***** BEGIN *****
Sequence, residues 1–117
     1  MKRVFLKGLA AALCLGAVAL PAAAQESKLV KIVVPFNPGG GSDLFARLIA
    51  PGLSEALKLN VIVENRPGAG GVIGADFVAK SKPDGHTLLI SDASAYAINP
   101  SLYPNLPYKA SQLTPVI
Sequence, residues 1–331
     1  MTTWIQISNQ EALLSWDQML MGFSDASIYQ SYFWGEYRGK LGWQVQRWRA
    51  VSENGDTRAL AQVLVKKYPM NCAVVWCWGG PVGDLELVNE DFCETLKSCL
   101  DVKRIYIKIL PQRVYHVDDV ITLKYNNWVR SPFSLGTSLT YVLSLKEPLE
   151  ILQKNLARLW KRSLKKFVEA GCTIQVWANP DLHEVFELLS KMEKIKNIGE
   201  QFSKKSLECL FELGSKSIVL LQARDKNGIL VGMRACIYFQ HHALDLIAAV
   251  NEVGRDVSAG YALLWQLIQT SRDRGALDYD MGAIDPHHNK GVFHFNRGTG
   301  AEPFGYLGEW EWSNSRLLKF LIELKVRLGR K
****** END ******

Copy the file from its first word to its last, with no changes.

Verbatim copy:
Sequence, residues 1–117
     1  MKRVFLKGLA AALCLGAVAL PAAAQESKLV KIVVPFNPGG GSDLFARLIA
    51  PGLSEALKLN VIVENRPGAG GVIGADFVAK SKPDGHTLLI SDASAYAINP
   101  SLYPNLPYKA SQLTPVI
Sequence, residues 1–331
     1  MTTWIQISNQ EALLSWDQML MGFSDASIYQ SYFWGEYRGK LGWQVQRWRA
    51  VSENGDTRAL AQVLVKKYPM NCAVVWCWGG PVGDLELVNE DFCETLKSCL
   101  DVKRIYIKIL PQRVYHVDDV ITLKYNNWVR SPFSLGTSLT YVLSLKEPLE
   151  ILQKNLARLW KRSLKKFVEA GCTIQVWANP DLHEVFELLS KMEKIKNIGE
   201  QFSKKSLECL FELGSKSIVL LQARDKNGIL VGMRACIYFQ HHALDLIAAV
   251  NEVGRDVSAG YALLWQLIQT SRDRGALDYD MGAIDPHHNK GVFHFNRGTG
   301  AEPFGYLGEW EWSNSRLLKF LIELKVRLGR K